Expected revisions to Jordan’s tax code seek to tackle avoidance and reduce the basket of goods covered by subsidies – measures aimed at cutting the budget deficit.
At the beginning of October Prime Minister Hani Al Mulki said the focus of changes to the kingdom’s tax code would be on improving collection and preventing evasion without affecting exempted segments of society.
Among the measures flagged by the government to increase compliance will be stricter penalties for those found guilty of evasion, including imprisonment rather than the option of a fine for those convicted.
While the prime minister ruled out any change to the minimum earnings levels under which income tax would be applied – the upper limit for exemptions is JD12,000 ($16,900) per year for individuals and JD24,000 ($33,900) for families – non-compliance by those above these brackets will be more vigorously pursued.
The announcement came on the back of continued efforts by the government to fulfil the stipulations of the $723m extended fund facility (EFF) agreement with the IMF, brokered in August 2016 and set to run for three years.
As part of the comprehensive fiscal and structural reform programme, Jordan has committed to reforming the tax system – a move the IMF said is crucial to achieving fiscal viability.
Continuing efforts to reduce the deficit
In a July press release issued after the conclusion of its 2017 Article IV consultation with Jordan, the IMF commended the authorities for their efforts to preserve macroeconomic stability and reduce the fiscal deficit.
Jordan has made significant progress in this respect, narrowing the gap from 10.3% of GDP in 2014, to 3.2% in 2016 and an estimated 2% this year, according to IMF data, which predicts the debt-to-GDP ratio will fall from 96% at end-2017 to 77% by 2022, in line with continued fiscal reform.
In particular, the fund said it was encouraged by the authorities’ decision to remove some exemptions on the general sales tax (GST) and Customs duties, with GST revenues projected to rise from JD2.88bn ($4.1bn) last year to JD4.23bn ($5.9bn) in five years’ time.
However, the government may need to pursue more widespread reform to increase income tax revenues from JD945m ($1.3bn) last year to JD1.26bn ($1.8bn) by 2022, as per IMF projections, with the fund advocating for a widening of the income tax base in addition to tackling tax avoidance.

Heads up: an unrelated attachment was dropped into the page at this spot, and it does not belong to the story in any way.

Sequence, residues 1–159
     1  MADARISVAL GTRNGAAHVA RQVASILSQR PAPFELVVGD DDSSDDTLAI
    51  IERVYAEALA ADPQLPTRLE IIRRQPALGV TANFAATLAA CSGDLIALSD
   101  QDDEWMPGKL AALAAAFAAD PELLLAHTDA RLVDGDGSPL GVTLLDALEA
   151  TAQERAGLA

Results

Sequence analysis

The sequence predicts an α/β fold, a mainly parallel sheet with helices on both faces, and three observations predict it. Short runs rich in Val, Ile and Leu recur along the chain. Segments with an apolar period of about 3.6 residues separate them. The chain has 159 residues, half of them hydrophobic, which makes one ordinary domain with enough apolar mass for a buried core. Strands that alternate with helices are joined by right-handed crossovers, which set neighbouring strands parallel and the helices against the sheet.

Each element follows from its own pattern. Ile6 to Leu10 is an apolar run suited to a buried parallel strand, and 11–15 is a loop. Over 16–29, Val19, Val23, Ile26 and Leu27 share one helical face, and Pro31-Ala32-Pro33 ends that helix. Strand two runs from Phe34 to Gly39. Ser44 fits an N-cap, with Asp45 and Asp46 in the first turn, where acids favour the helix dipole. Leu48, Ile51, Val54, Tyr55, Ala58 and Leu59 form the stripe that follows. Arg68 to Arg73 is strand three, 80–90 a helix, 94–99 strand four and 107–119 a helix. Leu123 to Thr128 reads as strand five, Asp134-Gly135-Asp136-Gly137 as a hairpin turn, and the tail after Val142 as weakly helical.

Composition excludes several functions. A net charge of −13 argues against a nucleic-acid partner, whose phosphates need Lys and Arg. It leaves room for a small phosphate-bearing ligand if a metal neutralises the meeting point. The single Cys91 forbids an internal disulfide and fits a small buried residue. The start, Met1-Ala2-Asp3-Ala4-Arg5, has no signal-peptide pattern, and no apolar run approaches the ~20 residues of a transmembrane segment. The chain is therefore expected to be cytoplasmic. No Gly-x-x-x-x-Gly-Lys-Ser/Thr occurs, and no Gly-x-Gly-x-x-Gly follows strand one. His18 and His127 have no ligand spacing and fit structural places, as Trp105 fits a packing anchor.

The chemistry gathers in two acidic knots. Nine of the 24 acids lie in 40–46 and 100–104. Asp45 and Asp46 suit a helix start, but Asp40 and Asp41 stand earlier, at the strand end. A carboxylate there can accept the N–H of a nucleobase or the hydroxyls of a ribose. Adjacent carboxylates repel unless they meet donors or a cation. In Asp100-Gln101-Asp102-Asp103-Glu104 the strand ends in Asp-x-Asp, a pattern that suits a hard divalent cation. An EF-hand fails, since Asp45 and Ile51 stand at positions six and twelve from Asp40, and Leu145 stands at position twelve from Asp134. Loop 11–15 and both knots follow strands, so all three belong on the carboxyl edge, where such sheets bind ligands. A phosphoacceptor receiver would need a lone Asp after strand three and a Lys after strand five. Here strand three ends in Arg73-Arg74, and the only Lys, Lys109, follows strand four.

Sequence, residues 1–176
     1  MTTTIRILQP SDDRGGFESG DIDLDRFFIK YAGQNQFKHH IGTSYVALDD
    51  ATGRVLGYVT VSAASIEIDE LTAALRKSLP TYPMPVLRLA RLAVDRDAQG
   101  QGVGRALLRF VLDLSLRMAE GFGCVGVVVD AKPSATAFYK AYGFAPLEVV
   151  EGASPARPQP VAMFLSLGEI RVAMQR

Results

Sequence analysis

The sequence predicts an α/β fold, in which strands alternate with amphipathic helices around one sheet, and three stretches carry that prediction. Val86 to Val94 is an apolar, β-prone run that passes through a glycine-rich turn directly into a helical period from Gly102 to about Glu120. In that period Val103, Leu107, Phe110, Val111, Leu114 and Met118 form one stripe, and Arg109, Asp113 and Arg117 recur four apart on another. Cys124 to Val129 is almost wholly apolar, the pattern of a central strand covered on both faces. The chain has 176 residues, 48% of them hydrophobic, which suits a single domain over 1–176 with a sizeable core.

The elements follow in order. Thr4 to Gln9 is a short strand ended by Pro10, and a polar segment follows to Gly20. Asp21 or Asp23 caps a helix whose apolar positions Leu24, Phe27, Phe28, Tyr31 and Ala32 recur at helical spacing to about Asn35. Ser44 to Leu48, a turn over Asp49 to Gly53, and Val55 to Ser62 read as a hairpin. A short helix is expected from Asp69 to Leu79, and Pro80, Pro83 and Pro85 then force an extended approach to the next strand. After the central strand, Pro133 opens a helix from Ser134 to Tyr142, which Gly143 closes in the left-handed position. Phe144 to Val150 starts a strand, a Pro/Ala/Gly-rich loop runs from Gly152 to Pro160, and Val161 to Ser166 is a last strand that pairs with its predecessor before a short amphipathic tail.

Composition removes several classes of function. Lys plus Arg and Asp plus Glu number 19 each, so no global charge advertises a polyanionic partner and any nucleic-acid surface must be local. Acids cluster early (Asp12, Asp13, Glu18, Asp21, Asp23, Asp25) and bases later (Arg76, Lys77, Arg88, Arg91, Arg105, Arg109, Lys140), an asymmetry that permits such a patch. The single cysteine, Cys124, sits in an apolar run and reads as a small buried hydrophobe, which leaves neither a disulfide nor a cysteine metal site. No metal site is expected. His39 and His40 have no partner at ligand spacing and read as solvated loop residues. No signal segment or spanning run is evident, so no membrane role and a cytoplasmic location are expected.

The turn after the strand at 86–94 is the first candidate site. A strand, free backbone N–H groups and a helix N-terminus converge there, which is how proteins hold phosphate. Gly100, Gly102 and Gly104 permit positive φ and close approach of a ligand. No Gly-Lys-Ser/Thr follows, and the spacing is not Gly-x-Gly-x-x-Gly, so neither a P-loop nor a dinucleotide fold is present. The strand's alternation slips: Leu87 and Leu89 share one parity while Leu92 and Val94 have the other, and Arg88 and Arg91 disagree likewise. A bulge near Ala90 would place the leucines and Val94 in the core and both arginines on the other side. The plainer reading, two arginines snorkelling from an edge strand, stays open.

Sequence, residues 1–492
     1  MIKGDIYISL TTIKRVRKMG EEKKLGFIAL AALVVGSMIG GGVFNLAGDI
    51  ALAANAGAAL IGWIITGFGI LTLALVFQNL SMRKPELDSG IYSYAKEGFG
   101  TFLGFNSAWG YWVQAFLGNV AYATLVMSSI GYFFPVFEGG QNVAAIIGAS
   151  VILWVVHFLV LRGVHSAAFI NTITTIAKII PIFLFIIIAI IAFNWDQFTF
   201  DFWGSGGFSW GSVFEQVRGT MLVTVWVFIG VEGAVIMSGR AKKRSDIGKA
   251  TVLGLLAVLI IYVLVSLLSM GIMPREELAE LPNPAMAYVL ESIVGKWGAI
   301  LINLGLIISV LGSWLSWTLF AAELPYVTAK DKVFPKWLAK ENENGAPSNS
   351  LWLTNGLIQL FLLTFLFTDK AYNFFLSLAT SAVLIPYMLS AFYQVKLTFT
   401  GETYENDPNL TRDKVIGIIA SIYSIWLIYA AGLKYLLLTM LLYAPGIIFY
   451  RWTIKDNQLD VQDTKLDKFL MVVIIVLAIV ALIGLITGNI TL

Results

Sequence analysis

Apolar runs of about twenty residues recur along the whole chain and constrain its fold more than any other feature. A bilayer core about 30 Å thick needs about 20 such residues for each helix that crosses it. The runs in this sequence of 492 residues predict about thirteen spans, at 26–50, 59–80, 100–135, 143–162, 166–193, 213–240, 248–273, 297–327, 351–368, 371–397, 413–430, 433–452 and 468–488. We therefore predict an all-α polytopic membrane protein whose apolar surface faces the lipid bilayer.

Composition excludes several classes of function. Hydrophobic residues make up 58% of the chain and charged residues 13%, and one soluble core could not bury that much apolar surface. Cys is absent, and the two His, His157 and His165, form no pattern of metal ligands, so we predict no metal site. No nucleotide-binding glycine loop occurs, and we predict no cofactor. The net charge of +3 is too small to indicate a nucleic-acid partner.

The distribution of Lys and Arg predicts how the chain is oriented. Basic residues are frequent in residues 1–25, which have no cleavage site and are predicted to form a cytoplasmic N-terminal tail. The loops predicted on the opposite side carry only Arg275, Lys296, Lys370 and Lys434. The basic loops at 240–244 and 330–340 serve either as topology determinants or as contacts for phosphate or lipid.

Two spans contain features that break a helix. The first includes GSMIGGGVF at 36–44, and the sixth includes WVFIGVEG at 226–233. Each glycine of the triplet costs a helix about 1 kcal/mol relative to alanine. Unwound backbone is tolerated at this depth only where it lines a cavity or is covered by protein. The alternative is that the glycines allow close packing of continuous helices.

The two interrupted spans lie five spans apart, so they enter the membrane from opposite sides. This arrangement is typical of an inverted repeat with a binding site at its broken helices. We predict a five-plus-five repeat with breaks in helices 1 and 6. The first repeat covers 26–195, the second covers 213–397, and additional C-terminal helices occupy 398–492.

Narrow tax base and low compliance threatens fiscal viability
Currently, 5% or less of Jordan’s population is subject to income tax, due to the very high tax threshold: only those earning three times the GDP per capita of around $4080 are subject to income tax, compared to the median for OECD countries of 0.3% of GDP per capita.
This leaves a very narrow base of taxpayers and relatively little tax revenue: equivalent to 0.4% of GDP last year, according to IMF data.
Of the small number of individuals required to pay income tax, many also manage to avoid doing so; the Income and Sales Tax Department estimated annual loss to tax avoidance at more than JD3bn ($4.2bn) last year.
Current estimates put public debt at $37bn. This could rise further if the government cannot increase domestic revenue and needs to borrow to cover further fiscal deficits.
Downgraded long-term credit rating amid economic pressures
Not all are convinced the reforms will be sufficient to boost the economy in the medium term.
On October 20 credit ratings agency Standard & Poor’s (S&P) downgraded Jordan’s long-term foreign and local currency sovereign credit ratings from “BB-” to “B+”, although it kept the short-term rating at “B”.
Citing implementation pressures related to fiscal consolidation, higher external risks, easing economic growth and a weakening debt profile, S&P said the pace of IMF reforms could slow.
The agency said GDP is likely to expand by an average of 2.7% per year through to 2020, down from an average of 6.5% in 2000-09, in part due to fiscal pressures from the continued inflow of Syrian refugees.
“In our view, the government is likely to prioritise social stability and growth in the current domestic and external environment, with potential trade-offs as to the scope of fiscal reforms,” they said in a report announcing the ratings change.